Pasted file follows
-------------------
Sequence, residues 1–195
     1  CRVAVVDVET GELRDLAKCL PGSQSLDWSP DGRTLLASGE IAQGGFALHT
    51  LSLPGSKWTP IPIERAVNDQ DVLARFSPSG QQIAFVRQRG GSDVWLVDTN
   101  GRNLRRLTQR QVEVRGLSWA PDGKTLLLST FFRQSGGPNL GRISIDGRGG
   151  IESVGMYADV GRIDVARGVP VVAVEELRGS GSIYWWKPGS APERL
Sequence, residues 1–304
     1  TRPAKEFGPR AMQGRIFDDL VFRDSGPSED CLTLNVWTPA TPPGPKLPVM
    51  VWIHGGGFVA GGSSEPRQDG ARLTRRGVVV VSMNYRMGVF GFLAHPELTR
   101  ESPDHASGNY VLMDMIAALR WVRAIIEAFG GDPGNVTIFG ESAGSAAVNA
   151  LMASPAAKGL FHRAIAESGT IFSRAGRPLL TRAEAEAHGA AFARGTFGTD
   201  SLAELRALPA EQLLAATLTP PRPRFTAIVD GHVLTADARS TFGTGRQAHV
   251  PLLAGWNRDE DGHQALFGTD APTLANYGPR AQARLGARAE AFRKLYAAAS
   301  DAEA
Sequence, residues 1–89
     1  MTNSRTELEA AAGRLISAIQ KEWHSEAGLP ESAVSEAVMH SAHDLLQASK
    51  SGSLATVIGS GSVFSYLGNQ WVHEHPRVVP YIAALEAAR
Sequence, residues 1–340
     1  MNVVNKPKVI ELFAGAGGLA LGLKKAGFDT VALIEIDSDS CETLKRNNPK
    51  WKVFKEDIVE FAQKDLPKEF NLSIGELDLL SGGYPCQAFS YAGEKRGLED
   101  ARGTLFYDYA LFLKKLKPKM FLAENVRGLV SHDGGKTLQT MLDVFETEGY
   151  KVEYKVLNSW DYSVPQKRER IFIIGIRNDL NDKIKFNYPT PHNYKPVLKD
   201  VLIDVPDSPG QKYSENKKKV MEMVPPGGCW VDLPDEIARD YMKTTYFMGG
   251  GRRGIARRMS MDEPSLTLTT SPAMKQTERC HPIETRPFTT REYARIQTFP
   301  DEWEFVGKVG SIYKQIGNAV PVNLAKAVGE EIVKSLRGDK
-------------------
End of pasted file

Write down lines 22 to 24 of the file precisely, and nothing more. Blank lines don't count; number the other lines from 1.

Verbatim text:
   201  VLIDVPDSPG QKYSENKKKV MEMVPPGGCW VDLPDEIARD YMKTTYFMGG
   251  GRRGIARRMS MDEPSLTLTT SPAMKQTERC HPIETRPFTT REYARIQTFP
   301  DEWEFVGKVG SIYKQIGNAV PVNLAKAVGE EIVKSLRGDK